29
Apr
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Credit History DefinitionThe fact that a bankruptcy was filed is one of many items on a credit report. A credit score after bankruptcy will depend on the credit score prior to filing bankruptcy as well as the other previous items listed on the credit report. Filing bankruptcy will hurt a credit score, especially if the score was high prior to the filing. The lower a credit score prior to bankruptcy, the less the score will drop when after a bankruptcy is filed.

Though no one knows for sure (FICO, the most widely used credit scoring company, uses a formula that they do not disclose to the public), it is widely believed that the filing of a Chapter 7 bankruptcy has the same effect on your credit score as the filing of a Chapter 13 bankruptcy. The FICO score factors in items like your total debt, the length of your credit history, recent credit items and negative items.

For people that are struggling financially, their credit report may contain negative items such as strings of missed payments, repossessions, liens and judgments. Until a creditor is satisfied they can continue to report missed payments for many years. Negative items will remain on a credit report for 7 to 10 years from the date the item was last reported.

So what does a bankruptcy do to a credit report and how can it help my credit in the long run? Filing for bankruptcy stops the reporting of negative information so that the clock starts ticking on the negative items naturally falling of your credit report. The more time that passes since the last reporting of negative items, the more a credit score will heal.

People often believe they will not be able to get credit after bankruptcy. The opposite is true. After filing a bankruptcy debtors often receive several applications for credit cards and car loans in the mail (though I do not recommend applying for them). As long as a person is able to show proof of income, many “buy here, pay here” car dealerships will extend credit post-bankruptcy discharge. They will charge a higher rate of interest, but depending on the pre-bankruptcy credit score the interest rate may not be that much higher than if bankruptcy had not been filed.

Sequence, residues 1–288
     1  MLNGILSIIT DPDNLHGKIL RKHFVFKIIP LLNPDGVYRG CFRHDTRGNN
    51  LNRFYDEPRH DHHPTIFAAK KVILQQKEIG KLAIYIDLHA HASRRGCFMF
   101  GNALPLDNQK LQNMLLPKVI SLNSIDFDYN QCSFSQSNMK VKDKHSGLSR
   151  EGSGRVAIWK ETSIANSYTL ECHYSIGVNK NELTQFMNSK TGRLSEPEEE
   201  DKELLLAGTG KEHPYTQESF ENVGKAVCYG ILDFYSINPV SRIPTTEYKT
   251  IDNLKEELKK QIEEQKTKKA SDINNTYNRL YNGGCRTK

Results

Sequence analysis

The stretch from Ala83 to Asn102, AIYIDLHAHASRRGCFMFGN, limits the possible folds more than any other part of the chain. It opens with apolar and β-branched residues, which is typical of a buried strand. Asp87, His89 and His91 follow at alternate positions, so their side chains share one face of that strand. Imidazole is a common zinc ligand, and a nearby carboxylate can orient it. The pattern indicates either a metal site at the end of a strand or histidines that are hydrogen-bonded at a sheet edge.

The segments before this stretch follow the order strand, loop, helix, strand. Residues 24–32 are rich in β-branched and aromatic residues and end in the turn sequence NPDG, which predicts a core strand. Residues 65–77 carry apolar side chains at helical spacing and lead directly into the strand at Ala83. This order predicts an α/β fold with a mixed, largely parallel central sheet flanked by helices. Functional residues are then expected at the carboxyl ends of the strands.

The difficulty that will be faced for several years after a bankruptcy filing is being approved for a mortgage. Over the last several years the mortgage industry and the government have tightened restrictions on mortgage lending. A good mortgage broker can explain under what conditions a mortgage lender may be willing to make a loan post-bankruptcy.

After a bankruptcy filing, steps should be taken to help increase one’s credit score. Several months after discharge the debtor should check his or her credit report to check that all of the discharged debts are reflected as having been discharged in bankruptcy. Any debts that were discharged that are still reporting as being owed should be disputed with the three credit bureaus (each credit bureau has its own procedure for filing disputes).

Post-discharge, a secured credit card can be applied for (most banks offer them). A secured credit card is secured by cash. If, for example, the credit card is to have a $300 limit the bank will remove $300 from the bank account. Using this card for a few small charges on a regular basis (and paying it off timely each month) will help increase a credit score. Eventually, after a period of on-time payments the bank will refund the cash and convert the credit card to a regular unsecured card.

Finally, taking care to timely pay debts such as car loans and mortgages post-bankruptcy will help to rebuild a credit score (to the extent that these lenders choose to report the payments).

The information contained in this blog is for general information and educational purposes and is not legal advice. Reading these posts does not create an attorney/client relationship.

 

 

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